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Mike: Your Take on "Children of Men"?

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  • Mike: Your Take on "Children of Men"?

    Mike, I was wondering what you thought of "Children of Men" since you guys had gone to see it the other evening.

    I loved the film, as it had me on the edge of my seat unlike many, many films in recent years. I thought the action sequences masterfully choreographed.

    I enjoyed the detail of the film (I got so much out of reading the newspapers pasted to the walls where Theo first interacts {in the film, that is} with Julianne Moore's character, such as the Russian nuclear attack on Kazhakstan).

    I loved the character "Jasper" and really found an empathetic bond with the old fellow.

    What knocked my socks off was the scene overlaid by King Crimson's "Court of the Crimson King;" it absolutely took me by surprise to see that Fripp let one of his masterpieces grace a film. Then, the icing on the cake was the inflatable porcine over the bleak urban landscape, and it made it seem like you were looking out the windows of the Birmingham dry ice factory on the cover of Pink Floyd's "Animals" [do forgive me if I have the building itself incorrectly identified].

    It was not a perfect film, and certainly not an uplifting one, but I really enjoy films that take me out of my own little world and immerse me in another universe or timeline, and does not throw my own mundane problems into sharper relief as do most character-driven films set in our own time and society.

    You can bet your boots that I will be in line for the very first showing of ANY film produced from your own works. Maybe this director would be good for a film version of Elric's heartbreaking saga, n'est ce pas?
    "My candle's burning at both ends, it will not last the night;
    But ah my foes and oh, my friends, it gives a lovely light" - Edna St Vincent Millay

  • #2
    Originally posted by Perssonicus
    it made it seem like you were looking out the windows of the Birmingham dry ice factory on the cover of Pink Floyd's "Animals" [do forgive me if I have the building itself incorrectly identified].
    It's Battersea Power Station, not that I'm pedantic or anything

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    • #3
      Yep, good old Battersea Power Station. It was wonderful inside -- full of great art deco of the period when it was built. Isn't it an art gallery now, extension of the Tate ? I haven't seen it in that incarnation. Not far from there we had our publicity photographs taken at the remains of Battersea Fun Fair for the New Worlds Fair album.
      I'm afraid I was underwhelmed by Children of Men, as I've said on another thread here. My favourite picture of recent times is The Illusionist. For me the movie was generic 'fascist Britain' stuff which didn't offer me anything new. We used to get accused of 'pessimism' when we ran this sort of story in NW forty years ago...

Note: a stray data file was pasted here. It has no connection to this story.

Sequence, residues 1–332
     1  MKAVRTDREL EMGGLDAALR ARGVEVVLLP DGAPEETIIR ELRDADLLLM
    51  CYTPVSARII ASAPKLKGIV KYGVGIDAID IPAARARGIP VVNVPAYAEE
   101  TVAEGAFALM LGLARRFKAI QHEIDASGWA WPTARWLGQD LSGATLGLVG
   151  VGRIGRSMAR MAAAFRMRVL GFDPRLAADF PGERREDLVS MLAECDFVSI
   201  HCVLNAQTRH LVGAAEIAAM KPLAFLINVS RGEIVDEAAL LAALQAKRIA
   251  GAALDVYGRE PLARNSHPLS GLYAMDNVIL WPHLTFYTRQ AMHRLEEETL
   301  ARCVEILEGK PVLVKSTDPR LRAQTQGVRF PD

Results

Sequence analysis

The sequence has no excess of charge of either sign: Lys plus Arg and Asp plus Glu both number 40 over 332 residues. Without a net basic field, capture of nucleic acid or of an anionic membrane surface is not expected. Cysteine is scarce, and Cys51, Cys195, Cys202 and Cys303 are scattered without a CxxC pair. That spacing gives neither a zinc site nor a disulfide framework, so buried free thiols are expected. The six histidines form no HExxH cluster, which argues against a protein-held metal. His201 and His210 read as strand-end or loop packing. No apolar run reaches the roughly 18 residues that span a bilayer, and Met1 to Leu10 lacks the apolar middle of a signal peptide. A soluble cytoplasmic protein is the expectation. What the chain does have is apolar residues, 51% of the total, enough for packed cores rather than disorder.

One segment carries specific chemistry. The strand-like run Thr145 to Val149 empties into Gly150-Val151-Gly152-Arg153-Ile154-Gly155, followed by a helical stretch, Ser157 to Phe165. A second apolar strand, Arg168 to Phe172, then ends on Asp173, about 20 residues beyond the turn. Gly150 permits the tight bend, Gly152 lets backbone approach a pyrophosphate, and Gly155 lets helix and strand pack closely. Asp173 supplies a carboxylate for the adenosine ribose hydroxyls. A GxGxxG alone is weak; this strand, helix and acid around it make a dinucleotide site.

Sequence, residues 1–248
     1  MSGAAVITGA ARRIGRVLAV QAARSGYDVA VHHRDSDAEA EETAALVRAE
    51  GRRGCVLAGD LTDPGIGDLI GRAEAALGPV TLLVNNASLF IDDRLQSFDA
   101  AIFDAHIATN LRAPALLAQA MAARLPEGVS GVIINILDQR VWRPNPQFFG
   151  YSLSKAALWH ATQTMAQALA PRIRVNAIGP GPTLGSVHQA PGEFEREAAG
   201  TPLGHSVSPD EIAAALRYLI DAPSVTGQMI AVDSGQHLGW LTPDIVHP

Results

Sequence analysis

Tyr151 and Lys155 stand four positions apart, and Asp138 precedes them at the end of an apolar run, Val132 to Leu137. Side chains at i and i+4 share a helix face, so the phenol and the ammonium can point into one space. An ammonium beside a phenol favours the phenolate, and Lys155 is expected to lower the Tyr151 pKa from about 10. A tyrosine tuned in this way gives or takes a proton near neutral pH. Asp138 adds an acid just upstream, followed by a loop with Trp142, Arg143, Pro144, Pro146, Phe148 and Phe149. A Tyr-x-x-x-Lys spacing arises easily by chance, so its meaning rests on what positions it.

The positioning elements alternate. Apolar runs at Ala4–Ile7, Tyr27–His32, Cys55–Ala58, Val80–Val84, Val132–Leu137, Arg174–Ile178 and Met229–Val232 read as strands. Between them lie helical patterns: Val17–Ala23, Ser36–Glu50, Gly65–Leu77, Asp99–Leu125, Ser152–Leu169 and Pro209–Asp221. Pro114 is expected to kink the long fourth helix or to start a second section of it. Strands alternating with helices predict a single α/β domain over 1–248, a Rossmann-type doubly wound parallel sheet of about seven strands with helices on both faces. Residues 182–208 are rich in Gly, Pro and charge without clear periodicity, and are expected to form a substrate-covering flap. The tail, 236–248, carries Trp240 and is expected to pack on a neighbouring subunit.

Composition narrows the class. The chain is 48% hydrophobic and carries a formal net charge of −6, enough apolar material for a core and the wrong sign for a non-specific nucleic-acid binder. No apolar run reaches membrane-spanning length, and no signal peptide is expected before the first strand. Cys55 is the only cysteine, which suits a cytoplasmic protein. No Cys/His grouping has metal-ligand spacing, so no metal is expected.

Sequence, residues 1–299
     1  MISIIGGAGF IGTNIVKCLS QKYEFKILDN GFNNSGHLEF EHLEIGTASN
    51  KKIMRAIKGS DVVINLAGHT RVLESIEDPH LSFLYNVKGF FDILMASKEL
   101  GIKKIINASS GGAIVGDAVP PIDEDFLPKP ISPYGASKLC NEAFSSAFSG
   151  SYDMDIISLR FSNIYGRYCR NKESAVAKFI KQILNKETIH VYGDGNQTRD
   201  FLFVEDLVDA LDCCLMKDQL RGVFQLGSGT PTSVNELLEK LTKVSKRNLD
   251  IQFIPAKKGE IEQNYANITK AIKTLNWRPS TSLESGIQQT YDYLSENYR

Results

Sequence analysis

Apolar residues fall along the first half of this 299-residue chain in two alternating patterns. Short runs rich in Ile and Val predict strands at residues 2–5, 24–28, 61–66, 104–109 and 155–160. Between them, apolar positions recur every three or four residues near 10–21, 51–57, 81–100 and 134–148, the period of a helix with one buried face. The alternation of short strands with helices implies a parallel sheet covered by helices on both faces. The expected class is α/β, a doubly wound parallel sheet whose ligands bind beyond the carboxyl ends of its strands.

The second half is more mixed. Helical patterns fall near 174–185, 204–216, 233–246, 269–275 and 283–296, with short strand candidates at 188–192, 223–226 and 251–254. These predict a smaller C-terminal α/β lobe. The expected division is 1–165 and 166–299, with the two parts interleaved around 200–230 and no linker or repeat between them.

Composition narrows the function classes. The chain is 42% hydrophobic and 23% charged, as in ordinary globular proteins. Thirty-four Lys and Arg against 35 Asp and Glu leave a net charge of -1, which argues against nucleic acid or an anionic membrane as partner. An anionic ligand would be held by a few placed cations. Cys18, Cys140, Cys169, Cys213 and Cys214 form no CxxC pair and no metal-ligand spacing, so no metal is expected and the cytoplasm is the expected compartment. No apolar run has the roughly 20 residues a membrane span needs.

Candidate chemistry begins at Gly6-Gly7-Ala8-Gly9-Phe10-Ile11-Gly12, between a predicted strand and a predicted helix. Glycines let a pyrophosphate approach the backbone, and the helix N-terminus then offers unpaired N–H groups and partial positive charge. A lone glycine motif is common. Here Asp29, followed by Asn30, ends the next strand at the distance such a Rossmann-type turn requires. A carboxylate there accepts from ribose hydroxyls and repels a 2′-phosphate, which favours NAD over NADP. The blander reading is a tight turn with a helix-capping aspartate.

I still think Brian Aldiss's Greybeard, on the same theme, is a far better story and far more original treatment of the theme. I think Greybeard was published in 1964.
      Maybe I was hoping for more from the CoM movie, having disliked the book so much. I appear to be mostly alone in not liking the movie much.

      Pre-order or Buy my latest titles in Europe:
      The Whispering Swarm: Book One of the Sanctuary of the White Friars - The Laughter of Carthage - Byzantium Endures - London Peculiar and Other Nonfiction
      Doctor Who: The Coming of the Terraphiles - Kizuna: Fiction for Japan - Modem Times 2.0 - The Sunday Books - The Sundered Worlds


      Pre-order or Buy my latest titles in the USA:
      The Laughter of Carthage - Byzantium Endures - London Peculiar and Other Nonfiction - The Sunday Books - Doctor Who: The Coming of the Terraphiles
      Kizuna: Fiction for Japan - The Sundered Worlds - The Winds of Limbo - Modem Times 2.0 - Elric: Swords and Roses

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      • #4
        Originally posted by Michael Moorcock
        Yep, good old Battersea Power Station. It was wonderful inside -- full of great art deco of the period when it was built. Isn't it an art gallery now, extension of the Tate ?
        That's Bankside which was also designed by Giles Gilbert Scott. I'm not sure what's happening with Battersea Power Station: I know somebody has bought it, but the last time I went past on the train, it had obviously been gutted and there were large holes in a couple of the walls. It's a real shame because, as you say, it was a beautiful building and one of my favourite London landmarks.

        Comment


        • #5
          Originally posted by johneffay
          It's Battersea Power Station, not that I'm pedantic or anything
          That's where they have the Tate Modern right? I've been there a few times - some really interesting exhibits - though they never seemed to be there for more than a couple weeks at a time.

          Some of the video art they showed was really well done, although a few pieces were a little perverse - there was one 70's piece "Rocky" in which a naked skinny man in a rubber mask smears chocolate sauce all over himself and then proceeds to beat himself up with the boxing gloves he is wearing. I never quite figured that one out.
          Batman: It's a low neighborhood, full of rumpots. They're used to curious sights, which they attribute to alcoholic delusions.